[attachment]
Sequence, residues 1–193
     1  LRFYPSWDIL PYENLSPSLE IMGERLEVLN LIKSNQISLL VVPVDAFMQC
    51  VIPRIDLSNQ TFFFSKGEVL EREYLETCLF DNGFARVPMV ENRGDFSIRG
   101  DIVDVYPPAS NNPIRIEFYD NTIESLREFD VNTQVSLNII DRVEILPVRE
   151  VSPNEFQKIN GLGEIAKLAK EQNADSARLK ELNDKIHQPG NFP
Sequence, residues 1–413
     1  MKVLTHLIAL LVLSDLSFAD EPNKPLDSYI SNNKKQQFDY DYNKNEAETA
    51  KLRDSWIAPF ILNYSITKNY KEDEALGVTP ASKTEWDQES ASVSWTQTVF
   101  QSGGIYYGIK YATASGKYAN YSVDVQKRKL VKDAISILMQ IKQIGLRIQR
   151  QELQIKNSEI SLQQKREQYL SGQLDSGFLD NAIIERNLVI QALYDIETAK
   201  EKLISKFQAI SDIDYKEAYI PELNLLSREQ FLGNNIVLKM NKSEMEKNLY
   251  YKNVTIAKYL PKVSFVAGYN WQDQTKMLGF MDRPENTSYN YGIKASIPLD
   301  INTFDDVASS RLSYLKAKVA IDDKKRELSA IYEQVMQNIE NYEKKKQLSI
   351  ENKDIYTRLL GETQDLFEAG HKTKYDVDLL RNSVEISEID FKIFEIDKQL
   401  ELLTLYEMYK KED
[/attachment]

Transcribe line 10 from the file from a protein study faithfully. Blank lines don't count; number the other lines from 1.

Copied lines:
   151  QELQIKNSEI SLQQKREQYL SGQLDSGFLD NAIIERNLVI QALYDIETAK